It also had an organ whose pipes took up one entire side of the sanctuary. The music that came from that thing would thrum in your bones and become your whole world, and sometimes became a door to somewhere else. And that was no surprise; the church was always echoing with song. Many of those Northern Baptists were students at Acadia, many of them were ministerial students, and many others went to Acadia's music school. The result was as beautiful as you might expect. And at Christmas, the carols...oh, the carols! I loved them all, because we sang them in my home, too: The First Noel, Angels We Have Heard on High, What Child is This (this one, I love almost more than any other one), the Holly and the Ivy, Once in Royal David's City...old songs, from France and the British Isles, from Germany and elsewhere in Europe.
Our Christmas season services, (we rarely used the term Advent, but there you go) were often held at night, and the Sanctuary used to glow with candles. There were the old, old verses from Luke and Mark, interspersed with words of love from our ministers, interspersed with the beautiful music, the hymns.
I imprinted, like a baby duck on its mother, on those services. They always filled me with awe, and joy, and comfort. Awe at the beauty, joy, because everyone was joyous around me, comfort, because I always knew the words, and the melodies (I'm a right conservative old girl when it comes to conserving the good liturgies, I suppose)....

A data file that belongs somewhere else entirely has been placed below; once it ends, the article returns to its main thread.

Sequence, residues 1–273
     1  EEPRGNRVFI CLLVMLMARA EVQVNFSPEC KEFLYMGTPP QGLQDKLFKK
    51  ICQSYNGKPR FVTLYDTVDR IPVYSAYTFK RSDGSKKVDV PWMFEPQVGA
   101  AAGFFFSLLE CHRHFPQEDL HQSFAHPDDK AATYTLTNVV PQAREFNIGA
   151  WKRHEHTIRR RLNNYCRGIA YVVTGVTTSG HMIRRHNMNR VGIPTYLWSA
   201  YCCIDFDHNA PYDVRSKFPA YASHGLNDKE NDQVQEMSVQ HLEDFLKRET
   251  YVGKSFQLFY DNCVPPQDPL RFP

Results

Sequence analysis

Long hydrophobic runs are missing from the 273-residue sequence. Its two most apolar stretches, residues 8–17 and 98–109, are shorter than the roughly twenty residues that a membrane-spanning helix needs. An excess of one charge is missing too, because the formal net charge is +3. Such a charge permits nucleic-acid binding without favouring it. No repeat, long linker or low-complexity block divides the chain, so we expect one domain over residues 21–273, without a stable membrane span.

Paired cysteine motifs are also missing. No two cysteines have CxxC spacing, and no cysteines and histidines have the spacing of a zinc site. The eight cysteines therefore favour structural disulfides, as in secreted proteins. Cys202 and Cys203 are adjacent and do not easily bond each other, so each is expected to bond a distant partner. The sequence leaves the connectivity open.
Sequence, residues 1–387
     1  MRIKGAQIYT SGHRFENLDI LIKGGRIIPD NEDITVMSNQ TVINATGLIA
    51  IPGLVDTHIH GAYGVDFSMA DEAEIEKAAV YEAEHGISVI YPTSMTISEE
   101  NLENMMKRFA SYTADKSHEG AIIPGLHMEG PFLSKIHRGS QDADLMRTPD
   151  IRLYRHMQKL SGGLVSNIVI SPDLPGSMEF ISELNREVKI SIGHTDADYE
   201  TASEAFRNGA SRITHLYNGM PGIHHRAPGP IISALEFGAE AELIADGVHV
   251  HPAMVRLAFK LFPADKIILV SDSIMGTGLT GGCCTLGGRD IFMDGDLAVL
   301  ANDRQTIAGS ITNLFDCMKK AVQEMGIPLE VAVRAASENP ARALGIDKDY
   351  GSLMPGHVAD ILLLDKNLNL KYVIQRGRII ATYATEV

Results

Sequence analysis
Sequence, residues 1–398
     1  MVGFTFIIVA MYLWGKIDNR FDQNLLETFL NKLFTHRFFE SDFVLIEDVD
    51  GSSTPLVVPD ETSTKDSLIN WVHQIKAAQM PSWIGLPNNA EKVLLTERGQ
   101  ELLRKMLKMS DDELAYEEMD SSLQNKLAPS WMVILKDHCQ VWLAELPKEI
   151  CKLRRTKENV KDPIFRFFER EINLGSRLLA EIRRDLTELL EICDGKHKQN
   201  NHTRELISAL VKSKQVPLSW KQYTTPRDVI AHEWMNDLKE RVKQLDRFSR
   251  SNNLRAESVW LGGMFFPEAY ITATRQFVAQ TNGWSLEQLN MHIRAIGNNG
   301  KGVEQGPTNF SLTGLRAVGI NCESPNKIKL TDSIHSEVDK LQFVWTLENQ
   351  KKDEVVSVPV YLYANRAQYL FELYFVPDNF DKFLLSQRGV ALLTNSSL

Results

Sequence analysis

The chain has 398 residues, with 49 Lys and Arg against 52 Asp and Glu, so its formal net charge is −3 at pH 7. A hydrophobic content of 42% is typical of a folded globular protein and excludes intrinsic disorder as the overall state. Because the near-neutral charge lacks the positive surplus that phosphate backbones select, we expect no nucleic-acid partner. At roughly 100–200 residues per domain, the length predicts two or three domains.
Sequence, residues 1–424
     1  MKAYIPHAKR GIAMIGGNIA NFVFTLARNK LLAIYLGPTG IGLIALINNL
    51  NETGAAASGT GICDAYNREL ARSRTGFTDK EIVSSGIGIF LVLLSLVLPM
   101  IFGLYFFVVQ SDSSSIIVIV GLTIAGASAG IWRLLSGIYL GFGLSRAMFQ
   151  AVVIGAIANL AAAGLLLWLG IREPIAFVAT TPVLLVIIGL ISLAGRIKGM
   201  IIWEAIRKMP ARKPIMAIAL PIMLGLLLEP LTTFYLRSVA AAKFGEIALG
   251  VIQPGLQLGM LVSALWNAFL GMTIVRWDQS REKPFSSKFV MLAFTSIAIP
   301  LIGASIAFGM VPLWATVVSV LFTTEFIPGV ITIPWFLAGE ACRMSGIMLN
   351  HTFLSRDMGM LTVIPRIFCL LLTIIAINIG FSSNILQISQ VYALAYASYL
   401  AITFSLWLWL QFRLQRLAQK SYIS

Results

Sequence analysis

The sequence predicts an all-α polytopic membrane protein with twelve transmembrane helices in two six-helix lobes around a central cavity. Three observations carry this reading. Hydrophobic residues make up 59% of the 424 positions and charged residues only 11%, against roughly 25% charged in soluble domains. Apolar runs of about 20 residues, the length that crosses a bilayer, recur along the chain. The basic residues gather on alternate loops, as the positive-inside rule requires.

Years went by, and I decided, during a train trip from Moncton to Halifax, that I didn't believe in Christianity anymore. I was about 23 or 24, I think. I never stopped completely believing in something, although I got pretty close from time to time, and whatever formless faith continued to run through my veins maintained some sort of Christian essence, simply because it was what I was born into.
And I always mourned my loss. I could no longer believe, but losing that sense of community, that joy....that probably broke my heart, little by little, almost unnoticeably over the years. (And to answer the question no one out there is asking, no, I couldn't hang around the churches anymore, getting the comfort and eschewing the message. The underlying mythos made me crazy at the same time I yearned for it. Hanging around would have made my head implode.)
And so, when the songs of Christmas start playing, I remember the joy and the beauty, and the belonging, and the something-not-quite-definable - perhaps that frustratingly elusive thing called grace - and the beauty hurts my heart, and I weep like an eejit.
And then it makes me happy, so happy that I keep on weeping.
Which, on balance, isn't bad, I suppose. Hurt followed by healing, and all with song around me. Not bad.